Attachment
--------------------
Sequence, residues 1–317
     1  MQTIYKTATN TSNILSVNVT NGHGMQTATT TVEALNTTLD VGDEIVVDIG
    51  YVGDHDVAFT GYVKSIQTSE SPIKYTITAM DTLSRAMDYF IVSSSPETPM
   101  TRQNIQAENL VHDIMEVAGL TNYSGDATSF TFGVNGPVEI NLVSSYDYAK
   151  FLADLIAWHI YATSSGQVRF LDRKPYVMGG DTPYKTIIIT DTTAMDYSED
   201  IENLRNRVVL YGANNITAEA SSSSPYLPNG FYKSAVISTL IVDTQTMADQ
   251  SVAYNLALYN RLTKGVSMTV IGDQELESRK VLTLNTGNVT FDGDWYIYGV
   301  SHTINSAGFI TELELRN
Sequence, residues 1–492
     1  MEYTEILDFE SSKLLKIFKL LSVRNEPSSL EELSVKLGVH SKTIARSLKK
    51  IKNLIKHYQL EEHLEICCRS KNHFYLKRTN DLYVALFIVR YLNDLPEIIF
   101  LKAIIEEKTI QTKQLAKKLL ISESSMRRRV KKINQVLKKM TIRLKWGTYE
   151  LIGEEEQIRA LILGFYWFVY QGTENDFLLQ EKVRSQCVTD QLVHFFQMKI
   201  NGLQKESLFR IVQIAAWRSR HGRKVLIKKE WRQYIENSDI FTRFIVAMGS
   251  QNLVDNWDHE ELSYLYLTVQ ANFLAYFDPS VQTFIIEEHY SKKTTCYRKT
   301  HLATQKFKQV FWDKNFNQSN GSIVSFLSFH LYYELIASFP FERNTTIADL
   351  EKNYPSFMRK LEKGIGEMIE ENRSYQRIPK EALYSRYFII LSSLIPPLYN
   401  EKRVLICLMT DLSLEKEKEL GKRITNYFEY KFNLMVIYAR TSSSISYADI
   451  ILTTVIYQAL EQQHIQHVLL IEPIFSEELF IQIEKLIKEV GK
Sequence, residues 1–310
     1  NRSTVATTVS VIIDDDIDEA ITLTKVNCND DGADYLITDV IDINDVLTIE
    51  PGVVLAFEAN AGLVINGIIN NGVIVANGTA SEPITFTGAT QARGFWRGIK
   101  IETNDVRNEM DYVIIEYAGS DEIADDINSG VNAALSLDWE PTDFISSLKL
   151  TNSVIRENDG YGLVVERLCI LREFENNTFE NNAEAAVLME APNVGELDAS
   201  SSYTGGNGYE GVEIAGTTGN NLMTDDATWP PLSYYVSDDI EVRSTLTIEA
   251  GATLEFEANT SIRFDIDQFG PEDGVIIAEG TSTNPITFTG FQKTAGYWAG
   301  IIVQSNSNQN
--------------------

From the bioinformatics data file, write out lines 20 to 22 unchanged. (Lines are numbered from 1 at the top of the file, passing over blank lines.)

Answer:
Sequence, residues 1–310
     1  NRSTVATTVS VIIDDDIDEA ITLTKVNCND DGADYLITDV IDINDVLTIE
    51  PGVVLAFEAN AGLVINGIIN NGVIVANGTA SEPITFTGAT QARGFWRGIK